Vanmarcke and Cancellara were left alone to fight it out for the win, and on the approach to Roubaix’s famous outdoor velodrome, which now has the town’s new covered track sitting alongside it, the RadioShack-Leopard rider tried to drop his companion, attacking just ahead of a traffic island, Vanmarcke fighting to get back on his wheel just before running out of road.
Entering the velodrome, Vanmarcke was on Cancellara’s wheel, but the latter, beaten here by in a four-man sprint won by Magnus Backstedt in 2004, wasn’t going to be outsmarted twice and went up on the banking to force the Belgian to lead out.
Vanmarcke did so reluctantly, and was unable to respond when Cancellara launched himself for the line to snatch victory – one that justified the very short pre-race odds on him, but which uncharacteristically saw him having to fight every inch of the way rather than time-trialling his way solo in the closing kilometres.
Just after the halfway point of the 256-kilometre race, one fancied rider, FDJ’s Yoann Offredo, riding at the back of the main bunch, had come down very hard as he hit the sign at the start of a traffic island.
Offredo, who had been looking back at the team car and was unaware of the obstacle until it was far too late, hit a 'keep right' sign and was thrown over his bike’s handlebars, his chin taking part of the impact as he landed. Though he was conscious, he was clearly in a lot of pain at the roadside, his day over.
At that point, a break of a dozen riders that included some big names including Team Sky’s Geraint Thomas had been swallowed up, with another dangerous group of four – his team mate Hayman, the busy Steegmans, past winner Stuart O’Grady of Orica GreenEdge and Clement Koretzky of Bretagne-Sèche – getting off the front.
That quartet hit the key secteur of the Arenberg, which arrived shortly after the 100-kilometre-to-go mark, with a lead of a minute and a half over the peloton, but that advantage was slashed by half by the time they came out they came out the other side.
As the main group headed through that 2.4 kilometre, dead straight, section of pavé, Thomas hit the deck for the third time in three Monuments so far this season, and as in Milan-San Remo last month and again in the Tour of Flanders last month, it happened at a critical moment.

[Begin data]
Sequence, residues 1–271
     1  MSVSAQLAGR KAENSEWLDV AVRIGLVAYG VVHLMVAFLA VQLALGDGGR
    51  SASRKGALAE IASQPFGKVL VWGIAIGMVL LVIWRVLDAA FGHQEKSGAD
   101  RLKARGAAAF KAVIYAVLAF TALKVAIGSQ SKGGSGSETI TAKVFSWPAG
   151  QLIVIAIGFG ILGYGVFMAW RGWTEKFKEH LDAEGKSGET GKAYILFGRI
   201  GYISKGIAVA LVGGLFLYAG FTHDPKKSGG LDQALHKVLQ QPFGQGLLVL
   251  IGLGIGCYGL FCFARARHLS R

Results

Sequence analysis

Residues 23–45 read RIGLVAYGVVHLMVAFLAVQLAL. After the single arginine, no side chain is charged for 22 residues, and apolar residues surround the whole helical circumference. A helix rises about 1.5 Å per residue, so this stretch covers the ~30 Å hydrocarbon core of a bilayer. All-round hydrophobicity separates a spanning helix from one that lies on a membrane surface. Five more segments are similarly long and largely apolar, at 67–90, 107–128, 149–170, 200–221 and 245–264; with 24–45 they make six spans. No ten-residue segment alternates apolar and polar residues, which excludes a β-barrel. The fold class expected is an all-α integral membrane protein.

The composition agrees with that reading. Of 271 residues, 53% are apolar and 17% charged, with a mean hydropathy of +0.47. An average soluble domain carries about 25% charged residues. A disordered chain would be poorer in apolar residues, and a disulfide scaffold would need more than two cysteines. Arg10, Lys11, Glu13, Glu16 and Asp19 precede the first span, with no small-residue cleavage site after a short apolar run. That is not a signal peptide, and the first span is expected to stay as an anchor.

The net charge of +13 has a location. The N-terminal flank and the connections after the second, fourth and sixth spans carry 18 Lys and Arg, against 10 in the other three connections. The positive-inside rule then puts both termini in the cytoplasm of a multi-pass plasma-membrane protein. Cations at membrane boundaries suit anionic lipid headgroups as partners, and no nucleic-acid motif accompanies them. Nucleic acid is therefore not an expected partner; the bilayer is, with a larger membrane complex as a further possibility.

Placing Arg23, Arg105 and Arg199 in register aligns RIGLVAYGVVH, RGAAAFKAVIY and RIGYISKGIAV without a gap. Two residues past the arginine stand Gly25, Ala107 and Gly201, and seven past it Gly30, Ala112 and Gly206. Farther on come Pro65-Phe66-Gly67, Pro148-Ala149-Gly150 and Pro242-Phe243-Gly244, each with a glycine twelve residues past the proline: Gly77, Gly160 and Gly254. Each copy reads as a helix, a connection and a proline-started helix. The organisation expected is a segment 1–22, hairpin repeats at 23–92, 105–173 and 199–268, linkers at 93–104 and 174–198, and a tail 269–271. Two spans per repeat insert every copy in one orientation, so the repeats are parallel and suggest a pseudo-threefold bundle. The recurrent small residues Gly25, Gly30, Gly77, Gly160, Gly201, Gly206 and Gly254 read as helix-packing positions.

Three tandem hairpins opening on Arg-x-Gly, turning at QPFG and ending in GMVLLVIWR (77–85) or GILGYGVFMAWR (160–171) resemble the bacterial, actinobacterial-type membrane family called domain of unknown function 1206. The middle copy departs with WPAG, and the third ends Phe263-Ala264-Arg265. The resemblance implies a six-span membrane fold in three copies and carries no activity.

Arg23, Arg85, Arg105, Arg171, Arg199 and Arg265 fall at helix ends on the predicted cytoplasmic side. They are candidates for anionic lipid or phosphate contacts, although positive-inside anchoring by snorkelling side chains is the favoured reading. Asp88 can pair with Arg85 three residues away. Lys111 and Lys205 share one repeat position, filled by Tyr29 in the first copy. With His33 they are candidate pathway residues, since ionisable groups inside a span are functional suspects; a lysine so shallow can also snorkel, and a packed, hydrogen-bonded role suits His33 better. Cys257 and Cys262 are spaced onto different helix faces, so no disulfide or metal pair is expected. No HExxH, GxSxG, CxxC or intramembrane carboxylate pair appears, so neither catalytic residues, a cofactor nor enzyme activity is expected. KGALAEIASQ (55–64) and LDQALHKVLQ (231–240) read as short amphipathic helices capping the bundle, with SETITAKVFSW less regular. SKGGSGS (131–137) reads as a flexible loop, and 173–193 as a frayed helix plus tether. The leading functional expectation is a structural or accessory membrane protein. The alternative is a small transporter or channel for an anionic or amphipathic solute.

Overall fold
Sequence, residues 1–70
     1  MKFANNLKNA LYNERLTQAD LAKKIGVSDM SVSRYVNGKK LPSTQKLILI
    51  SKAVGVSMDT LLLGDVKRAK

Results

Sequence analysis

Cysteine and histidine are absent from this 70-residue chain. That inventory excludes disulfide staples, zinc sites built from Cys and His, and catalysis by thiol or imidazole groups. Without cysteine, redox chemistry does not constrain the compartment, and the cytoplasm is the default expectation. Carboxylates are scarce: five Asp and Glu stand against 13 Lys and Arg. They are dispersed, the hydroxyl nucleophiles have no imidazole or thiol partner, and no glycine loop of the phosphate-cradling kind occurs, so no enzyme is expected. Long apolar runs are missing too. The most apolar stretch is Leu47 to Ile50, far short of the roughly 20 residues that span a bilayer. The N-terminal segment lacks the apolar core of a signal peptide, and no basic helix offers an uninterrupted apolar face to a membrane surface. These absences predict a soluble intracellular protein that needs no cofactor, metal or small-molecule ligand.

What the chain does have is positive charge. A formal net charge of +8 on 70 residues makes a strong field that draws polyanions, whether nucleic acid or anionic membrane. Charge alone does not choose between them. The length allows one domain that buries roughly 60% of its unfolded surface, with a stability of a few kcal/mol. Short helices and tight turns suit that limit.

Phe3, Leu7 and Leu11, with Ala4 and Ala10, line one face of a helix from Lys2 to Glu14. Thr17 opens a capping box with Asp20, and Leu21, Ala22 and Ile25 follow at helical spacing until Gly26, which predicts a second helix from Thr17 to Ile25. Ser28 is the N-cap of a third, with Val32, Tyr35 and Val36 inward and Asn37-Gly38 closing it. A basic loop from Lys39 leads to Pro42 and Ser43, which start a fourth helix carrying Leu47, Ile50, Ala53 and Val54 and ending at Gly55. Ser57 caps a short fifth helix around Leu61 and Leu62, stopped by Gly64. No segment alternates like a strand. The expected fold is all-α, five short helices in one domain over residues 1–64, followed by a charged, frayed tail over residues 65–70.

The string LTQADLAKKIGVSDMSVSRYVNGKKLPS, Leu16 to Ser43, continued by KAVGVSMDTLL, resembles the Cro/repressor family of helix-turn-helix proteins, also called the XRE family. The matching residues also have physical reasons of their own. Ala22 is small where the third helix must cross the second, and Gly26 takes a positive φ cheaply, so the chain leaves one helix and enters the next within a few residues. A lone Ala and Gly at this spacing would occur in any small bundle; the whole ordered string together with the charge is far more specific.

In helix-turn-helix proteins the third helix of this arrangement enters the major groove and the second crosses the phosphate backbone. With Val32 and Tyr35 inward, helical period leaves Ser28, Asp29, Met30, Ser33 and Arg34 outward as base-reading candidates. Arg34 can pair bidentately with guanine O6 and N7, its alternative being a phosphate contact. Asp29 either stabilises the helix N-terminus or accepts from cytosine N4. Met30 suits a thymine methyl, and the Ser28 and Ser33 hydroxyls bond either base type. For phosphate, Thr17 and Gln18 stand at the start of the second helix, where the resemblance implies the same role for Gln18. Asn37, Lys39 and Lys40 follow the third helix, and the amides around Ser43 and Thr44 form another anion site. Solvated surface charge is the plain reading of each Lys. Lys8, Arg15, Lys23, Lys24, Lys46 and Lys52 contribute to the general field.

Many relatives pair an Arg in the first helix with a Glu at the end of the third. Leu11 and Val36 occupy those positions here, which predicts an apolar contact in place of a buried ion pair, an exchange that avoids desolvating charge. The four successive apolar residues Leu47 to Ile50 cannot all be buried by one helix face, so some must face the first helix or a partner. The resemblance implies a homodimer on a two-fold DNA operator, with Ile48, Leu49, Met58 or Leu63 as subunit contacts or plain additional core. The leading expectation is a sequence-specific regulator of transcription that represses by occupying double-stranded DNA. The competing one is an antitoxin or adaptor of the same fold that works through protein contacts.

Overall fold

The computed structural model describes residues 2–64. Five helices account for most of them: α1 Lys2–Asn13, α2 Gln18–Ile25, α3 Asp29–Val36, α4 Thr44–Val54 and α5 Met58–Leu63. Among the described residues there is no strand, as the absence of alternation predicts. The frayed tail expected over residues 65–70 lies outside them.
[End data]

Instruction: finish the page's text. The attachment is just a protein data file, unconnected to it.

The Welshman, who won the junior version of Paris-Roubaix in 2004, came down again in a second crash on a subsequent cobbled section some 20 kilometres later, that chute involving several other riders including Lampre-Merida’s Pippo Pozzato, French hope Matthieu Ladagnous of FDJ – the first of two crashes he would suffer today – and Astana’s Borut Bozic.
Another rider to have a day to forget was Hushovd, who punctured three times, and while he would rejoin that select group of riders that still had a chance as they entered the final 50 kilometres, the effort of having to chase back on each time would eventually take its toll.
Paris-Roubaix 2013 result 1 CANCELLARA Fabian RADIOSHACK LEOPARD 5h 45' 33" 2 VANMARCKE Sep BLANCO PRO CYCLING TEAM + 00' 00" 3 TERPSTRA Niki OMEGA PHARMA-QUICK STEP + 00' 31" 4 VAN AVERMAET Greg BMC RACING TEAM + 00' 31" 5 GAUDIN Damien TEAM EUROPCAR + 00' 31" 6 STYBAR Zdenek OMEGA PHARMA-QUICK STEP + 00' 39" 7 LANGEVELD Sebastian ORICA GREENEDGE + 00' 39" 8 FLECHA Juan Antonio VACANSOLEIL-DCM + 00' 39" 9 KRISTOFF Alexander KATUSHA TEAM + 00' 50" 10 TURGOT Sébastien TEAM EUROPCAR + 00' 50" 11 HAUSSLER Heinrich IAM CYCLING + 00' 50" 12 EISEL Bernhard SKY PROCYCLING + 00' 50" 13 WYNANTS Maarten BLANCO PRO CYCLING TEAM + 00' 50" 14 BOOM Lars BLANCO PRO CYCLING TEAM + 00' 50" 15 BRESCHEL Matti TEAM SAXO-TINKOFF + 00' 50" 16 LEUKEMANS Bjorn VACANSOLEIL-DCM + 00' 50" 17 CHAINEL Steve AG2R LA MONDIALE + 00' 50" 18 TJALLINGII Maarten BLANCO PRO CYCLING TEAM + 00' 50" 19 CHAVANEL Sylvain OMEGA PHARMA-QUICK STEP + 00' 50" 20 VANDENBERGH Stijn OMEGA PHARMA-QUICK STEP + 00' 50"
Born in Scotland, Simon moved to London aged seven and now lives in the Oxfordshire Cotswolds with his miniature schnauzer, Elodie. He fell in love with cycling one Saturday morning in 1994 while living in Italy when Milan-San Remo went past his front door. A daily cycle commuter in London back before riding to work started to boom, he's been news editor at road.cc since 2009. Handily for work, he speaks French and Italian. He doesn't get to ride his Colnago as often as he'd like, and freely admits he's much more adept at cooking than fettling with bikes.